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Primary Care

The Medical Dangers of Floodwater

Sep. 18 2018

The eastern parts of South Carolina and our neighbors in North Carolina continue to face severe threats from floodwater this week in the wake of Hurricane Florence.

First responders guiding an emergency boat through flood waters.

“Whenever you have floodwater, you need to be concerned about contamination,” said Todd Crump, MD, of Lexington Medical Center’s Emergency department. “It’s never safe to wade through floodwater unless it’s an emergency situation.”

Floodwater can contain raw sewage, animal waste, bacteria, parasites, gasoline and viruses.

Dr. Crump helped with response to Hurricane Katrina in Louisiana in 2005. There, he treated many patients with problems brought about by walking in floodwater.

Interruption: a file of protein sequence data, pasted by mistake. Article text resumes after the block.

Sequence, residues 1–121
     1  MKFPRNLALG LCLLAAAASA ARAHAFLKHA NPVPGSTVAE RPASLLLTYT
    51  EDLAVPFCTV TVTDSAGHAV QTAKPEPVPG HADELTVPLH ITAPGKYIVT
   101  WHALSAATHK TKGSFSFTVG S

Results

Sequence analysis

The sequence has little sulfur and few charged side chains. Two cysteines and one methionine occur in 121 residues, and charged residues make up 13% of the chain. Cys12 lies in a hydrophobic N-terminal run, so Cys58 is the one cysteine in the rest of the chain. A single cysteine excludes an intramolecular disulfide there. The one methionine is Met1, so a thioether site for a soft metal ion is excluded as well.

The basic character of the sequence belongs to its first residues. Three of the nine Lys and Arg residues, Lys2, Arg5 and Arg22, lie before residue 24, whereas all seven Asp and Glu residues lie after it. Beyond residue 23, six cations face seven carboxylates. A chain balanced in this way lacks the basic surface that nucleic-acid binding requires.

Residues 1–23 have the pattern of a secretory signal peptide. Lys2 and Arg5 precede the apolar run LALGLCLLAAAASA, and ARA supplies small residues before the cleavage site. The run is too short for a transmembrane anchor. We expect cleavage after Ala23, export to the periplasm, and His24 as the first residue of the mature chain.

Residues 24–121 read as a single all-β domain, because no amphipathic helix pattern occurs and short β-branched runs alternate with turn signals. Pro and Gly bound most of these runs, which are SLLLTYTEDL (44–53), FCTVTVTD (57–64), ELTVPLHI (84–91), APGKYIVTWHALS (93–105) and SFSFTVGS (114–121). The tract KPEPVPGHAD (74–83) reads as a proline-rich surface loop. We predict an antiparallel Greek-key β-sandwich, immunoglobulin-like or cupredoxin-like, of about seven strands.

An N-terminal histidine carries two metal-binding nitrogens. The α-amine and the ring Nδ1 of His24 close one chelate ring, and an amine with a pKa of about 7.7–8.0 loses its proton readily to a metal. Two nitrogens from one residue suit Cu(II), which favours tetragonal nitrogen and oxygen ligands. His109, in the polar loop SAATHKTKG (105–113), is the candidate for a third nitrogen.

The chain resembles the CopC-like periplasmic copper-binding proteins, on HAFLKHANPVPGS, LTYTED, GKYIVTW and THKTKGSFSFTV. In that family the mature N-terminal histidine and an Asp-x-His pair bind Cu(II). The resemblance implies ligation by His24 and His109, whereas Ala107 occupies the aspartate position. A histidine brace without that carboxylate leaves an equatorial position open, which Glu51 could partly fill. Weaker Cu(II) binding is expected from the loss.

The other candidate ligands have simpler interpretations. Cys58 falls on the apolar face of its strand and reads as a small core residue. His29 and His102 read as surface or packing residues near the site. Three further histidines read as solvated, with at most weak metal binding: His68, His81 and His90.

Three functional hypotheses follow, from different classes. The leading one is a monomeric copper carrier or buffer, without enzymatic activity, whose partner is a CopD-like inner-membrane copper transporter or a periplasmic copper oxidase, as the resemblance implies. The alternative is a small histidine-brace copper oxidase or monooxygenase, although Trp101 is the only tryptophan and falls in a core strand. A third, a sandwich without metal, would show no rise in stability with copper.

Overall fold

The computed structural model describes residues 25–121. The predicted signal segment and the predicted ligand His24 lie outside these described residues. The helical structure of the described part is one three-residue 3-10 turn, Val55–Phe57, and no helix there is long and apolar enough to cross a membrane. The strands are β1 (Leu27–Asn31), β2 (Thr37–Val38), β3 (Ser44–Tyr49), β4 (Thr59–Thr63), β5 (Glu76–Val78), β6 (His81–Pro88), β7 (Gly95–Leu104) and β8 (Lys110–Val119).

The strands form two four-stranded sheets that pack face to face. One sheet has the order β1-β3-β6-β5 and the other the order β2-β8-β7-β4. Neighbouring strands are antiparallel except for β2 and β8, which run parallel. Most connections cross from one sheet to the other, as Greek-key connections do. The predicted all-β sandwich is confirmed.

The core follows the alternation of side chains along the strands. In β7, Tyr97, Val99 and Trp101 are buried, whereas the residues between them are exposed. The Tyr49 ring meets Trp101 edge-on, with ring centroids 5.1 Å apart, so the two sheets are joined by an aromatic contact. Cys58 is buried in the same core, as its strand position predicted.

“You can’t see what you’re walking through,” he said. “It can be easy to cut your foot or leg.”

Those problems included seriously infected wounds in people who had waded in floodwater, as well as pelvic infections in women.

For first responders and other people who have no choice but to be in floodwater, they should shower afterward with antibacterial soap and treat any wounds with an appropriate first-aid kit and bandages. Hand sanitizer can help to clean a wound if no other solutions are available.

Otherwise, steer clear of floodwater.

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Disclaimer: This blog is intended for general understanding and education about Lexington Medical Center. Nothing on the blog should be considered or used as a substitute for medical advice, diagnosis or treatment. Blog visitors with personal health or medical questions should consult their health care provider.